A type of technique called low-coherence enhanced backscattering spectroscopy (LEBS) may also be beneficial as an inexpensive, non-invasive test for routine colon cancer screening, an attractive alternative to a full-fledged colonoscopy. Northwestern University researchers developed a screening technique that utilizes this method to analyze tissue samples taken from the base of the rectum. Light shines on the tissue and scatters; some of that light bounces back to sensors in the probe. A computer analyzes the pattern of light scattering and looks for a sign of carcinogenesis in the nanoarchitecture of the cells. The researchers found that LEBS could detect the presence of growths elsewhere in the colon, even though it only analyzed tissue from the base of the rectum. Researchers call this the “field effect,” which means that tissue that looks normal and is located far away from the lesion will still demonstrate molecular changes in LEBS analysis. The study examined tissue from 219 patients; results indicated that such changes could be detected accurately by using LEBS, and that LEBS could be an effective basis for a minimally invasive colon cancer screening technique. Researchers are currently working toward the development of a compatible fiber optic probe.
Medical Lasers in Cytoscopy
The Photodynamic Diagnostic D-Light C (PDD) System from Karl Storz Endoscopy-America (karlstorz.com) in El Segundo, CA was recently approved by the FDA as an optional accessory for white light cystoscopy, a test used to detect cancer of the bladder. The system consists of a D-light C light source, rigid PDD telescopes, fluid light cables, a PDD camera head, and PDD camera control units. The D-light C unit is a 300-watt short arc Xenon light source with two modes of operation: the white light (WL) mode and the PDD mode. The WL mode emits light in the visible spectrum ranging from 390–790 nm and is used for illumination of the bladder during a cystoscopy. The PDD mode emits light in the blue portion of the visible spectrum, from 360–450 nm, and is used to induce and view fluorescence in the bladder. The system interacts with a diagnostic imaging drug called Cysview®. Light is transmitted through a fluid light cable connected to an endoscope, and blue light is used to excite the drug that has collected in cancerous tissue. Tumorous areas fluoresce in red, while normal tissue exhibits a blue color.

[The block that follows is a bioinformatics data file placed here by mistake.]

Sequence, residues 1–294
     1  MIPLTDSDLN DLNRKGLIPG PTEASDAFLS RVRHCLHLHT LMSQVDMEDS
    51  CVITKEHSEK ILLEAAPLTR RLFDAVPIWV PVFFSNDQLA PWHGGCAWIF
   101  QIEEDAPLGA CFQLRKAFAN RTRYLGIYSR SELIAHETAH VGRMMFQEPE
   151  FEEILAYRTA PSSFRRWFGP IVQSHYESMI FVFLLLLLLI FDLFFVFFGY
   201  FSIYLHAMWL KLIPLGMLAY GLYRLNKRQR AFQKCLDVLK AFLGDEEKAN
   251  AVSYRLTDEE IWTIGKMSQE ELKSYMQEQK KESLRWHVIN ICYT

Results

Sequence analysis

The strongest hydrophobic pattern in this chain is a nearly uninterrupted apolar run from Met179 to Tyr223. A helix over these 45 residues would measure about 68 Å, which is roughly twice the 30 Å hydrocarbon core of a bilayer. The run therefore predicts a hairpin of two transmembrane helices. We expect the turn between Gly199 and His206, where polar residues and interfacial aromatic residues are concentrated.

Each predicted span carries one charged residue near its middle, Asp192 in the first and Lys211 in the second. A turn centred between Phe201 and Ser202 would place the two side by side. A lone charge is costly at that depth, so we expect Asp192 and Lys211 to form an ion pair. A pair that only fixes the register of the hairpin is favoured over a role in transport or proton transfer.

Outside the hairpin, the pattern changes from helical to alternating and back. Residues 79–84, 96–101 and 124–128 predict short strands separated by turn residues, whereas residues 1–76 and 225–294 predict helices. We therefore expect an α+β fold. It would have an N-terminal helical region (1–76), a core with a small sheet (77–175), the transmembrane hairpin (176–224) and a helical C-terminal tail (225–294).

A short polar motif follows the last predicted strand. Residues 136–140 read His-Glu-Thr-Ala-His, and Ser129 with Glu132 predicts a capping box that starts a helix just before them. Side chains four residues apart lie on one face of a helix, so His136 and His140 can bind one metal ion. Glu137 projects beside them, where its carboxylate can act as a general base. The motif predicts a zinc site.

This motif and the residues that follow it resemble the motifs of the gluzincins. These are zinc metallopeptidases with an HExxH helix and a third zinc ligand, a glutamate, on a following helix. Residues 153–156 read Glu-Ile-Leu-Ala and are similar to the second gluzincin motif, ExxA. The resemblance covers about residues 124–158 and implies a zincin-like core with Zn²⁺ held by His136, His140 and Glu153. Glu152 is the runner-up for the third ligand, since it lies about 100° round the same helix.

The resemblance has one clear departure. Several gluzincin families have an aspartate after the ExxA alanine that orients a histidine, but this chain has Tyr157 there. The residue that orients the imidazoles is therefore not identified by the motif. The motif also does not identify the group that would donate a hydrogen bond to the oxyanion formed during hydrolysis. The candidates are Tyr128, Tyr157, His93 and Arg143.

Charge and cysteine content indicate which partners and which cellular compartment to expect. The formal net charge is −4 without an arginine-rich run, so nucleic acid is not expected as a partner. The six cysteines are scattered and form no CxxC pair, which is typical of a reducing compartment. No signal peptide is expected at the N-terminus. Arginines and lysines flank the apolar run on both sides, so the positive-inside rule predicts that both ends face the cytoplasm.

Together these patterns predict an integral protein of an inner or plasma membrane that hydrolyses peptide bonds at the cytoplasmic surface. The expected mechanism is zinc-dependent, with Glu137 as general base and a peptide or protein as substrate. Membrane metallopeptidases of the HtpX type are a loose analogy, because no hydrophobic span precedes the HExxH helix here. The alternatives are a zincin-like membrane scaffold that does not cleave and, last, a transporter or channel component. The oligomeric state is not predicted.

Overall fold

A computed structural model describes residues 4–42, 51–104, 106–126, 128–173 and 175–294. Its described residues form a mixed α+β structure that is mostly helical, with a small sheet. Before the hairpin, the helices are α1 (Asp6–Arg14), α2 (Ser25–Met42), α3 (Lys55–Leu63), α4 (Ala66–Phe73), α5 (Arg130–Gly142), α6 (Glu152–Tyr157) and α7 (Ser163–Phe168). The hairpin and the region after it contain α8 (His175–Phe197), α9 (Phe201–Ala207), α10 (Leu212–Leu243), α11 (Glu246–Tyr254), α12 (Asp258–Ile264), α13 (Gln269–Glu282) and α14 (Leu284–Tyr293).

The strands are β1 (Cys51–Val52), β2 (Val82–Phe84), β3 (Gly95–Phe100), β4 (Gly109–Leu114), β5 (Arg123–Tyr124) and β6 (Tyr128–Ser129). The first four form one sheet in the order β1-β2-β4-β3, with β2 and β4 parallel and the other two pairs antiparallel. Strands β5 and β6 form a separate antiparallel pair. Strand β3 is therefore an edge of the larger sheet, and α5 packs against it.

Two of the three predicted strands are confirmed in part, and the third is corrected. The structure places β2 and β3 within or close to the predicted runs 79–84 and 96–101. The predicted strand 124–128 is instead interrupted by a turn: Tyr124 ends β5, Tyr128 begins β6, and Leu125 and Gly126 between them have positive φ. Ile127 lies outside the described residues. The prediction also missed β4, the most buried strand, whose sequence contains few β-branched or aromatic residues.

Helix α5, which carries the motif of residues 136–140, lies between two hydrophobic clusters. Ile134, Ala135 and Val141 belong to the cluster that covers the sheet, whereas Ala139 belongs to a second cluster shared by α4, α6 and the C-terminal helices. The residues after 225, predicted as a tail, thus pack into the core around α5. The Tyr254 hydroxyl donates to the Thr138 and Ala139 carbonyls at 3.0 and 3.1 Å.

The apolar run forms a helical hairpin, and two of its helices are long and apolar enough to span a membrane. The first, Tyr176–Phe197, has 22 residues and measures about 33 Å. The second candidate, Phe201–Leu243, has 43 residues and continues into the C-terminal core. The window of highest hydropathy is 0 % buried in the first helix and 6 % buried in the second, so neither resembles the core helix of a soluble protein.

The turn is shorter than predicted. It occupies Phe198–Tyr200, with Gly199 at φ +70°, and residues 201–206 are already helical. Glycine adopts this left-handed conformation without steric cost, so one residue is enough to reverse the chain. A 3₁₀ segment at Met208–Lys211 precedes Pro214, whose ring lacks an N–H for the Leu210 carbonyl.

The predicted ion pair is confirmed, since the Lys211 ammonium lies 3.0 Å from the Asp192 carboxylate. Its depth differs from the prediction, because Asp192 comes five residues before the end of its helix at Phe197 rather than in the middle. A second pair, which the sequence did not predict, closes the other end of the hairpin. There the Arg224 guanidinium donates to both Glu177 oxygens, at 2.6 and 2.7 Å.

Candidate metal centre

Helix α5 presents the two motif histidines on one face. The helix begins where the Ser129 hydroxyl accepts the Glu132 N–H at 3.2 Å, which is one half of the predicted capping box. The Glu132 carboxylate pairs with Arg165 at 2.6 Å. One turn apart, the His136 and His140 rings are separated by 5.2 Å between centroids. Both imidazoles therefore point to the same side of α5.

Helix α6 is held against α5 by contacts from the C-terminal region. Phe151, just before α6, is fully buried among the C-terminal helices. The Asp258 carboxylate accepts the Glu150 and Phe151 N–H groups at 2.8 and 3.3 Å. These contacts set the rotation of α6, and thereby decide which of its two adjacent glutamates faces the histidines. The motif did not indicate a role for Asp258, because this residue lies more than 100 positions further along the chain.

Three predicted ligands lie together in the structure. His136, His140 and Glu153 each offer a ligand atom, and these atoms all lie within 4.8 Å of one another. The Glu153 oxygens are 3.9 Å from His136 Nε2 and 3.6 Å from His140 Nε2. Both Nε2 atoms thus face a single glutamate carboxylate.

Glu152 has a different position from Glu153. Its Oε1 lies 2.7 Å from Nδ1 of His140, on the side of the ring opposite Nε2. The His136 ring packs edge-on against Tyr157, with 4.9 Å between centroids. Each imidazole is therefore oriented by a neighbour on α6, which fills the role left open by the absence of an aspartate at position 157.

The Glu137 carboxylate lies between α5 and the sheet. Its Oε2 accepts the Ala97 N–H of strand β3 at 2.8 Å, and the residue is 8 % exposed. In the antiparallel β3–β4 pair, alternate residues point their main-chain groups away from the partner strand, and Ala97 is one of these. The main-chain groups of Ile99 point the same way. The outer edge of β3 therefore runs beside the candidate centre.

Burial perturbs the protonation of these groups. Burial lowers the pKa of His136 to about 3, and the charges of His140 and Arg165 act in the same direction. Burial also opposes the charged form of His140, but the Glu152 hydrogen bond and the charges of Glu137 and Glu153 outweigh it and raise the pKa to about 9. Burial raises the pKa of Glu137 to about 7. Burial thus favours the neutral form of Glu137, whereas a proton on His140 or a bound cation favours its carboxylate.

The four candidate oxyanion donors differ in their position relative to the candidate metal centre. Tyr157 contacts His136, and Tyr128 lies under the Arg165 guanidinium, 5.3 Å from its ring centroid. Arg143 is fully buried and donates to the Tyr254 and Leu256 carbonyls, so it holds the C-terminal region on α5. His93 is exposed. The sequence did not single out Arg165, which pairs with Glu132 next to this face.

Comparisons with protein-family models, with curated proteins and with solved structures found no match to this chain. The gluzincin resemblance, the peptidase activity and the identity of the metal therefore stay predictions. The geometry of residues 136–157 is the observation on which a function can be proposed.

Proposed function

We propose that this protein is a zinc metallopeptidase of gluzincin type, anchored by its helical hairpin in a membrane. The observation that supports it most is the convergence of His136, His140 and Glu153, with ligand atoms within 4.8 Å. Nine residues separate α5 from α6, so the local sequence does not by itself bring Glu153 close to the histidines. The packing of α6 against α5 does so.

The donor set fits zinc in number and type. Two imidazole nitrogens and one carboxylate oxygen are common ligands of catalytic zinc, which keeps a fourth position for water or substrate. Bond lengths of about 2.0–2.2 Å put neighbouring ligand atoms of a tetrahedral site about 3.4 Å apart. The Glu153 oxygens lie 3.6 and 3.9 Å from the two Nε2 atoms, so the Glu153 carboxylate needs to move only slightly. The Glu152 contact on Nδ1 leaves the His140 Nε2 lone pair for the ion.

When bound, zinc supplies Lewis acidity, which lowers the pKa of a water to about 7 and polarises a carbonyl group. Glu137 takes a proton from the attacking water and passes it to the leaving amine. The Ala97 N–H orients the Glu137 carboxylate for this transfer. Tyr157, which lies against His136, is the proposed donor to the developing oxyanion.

Time-Resolved Fluorescence Spectroscopy
Approximately 43,000 people in the U.S. are diagnosed with tumors of the mouth, pharynx, and larynx each year. In most cases, the cancer is not detected until it has already reached an advanced stage. University of California, Davis researchers recently developed a laser probe that could help detect oral cancer at an earlier stage. The fiber-optic probe works by stimulating molecules in the patient's tissues with a laser; some of the molecules respond by re-emitting fluorescent light. The device detects and analyzes this light using a process called “time-resolved fluorescence spectroscopy” (TR-LIFS), which provides information about the molecules present. This form of sensitive measurement of the change in emitted fluorescence may also help surgeons gain a better view of the tumor's margins during an operation. The device is undergoing testing in clinical trials to determine its usefulness in delineating the margins of tumors in surgery.
Breast Cancer Diagnosis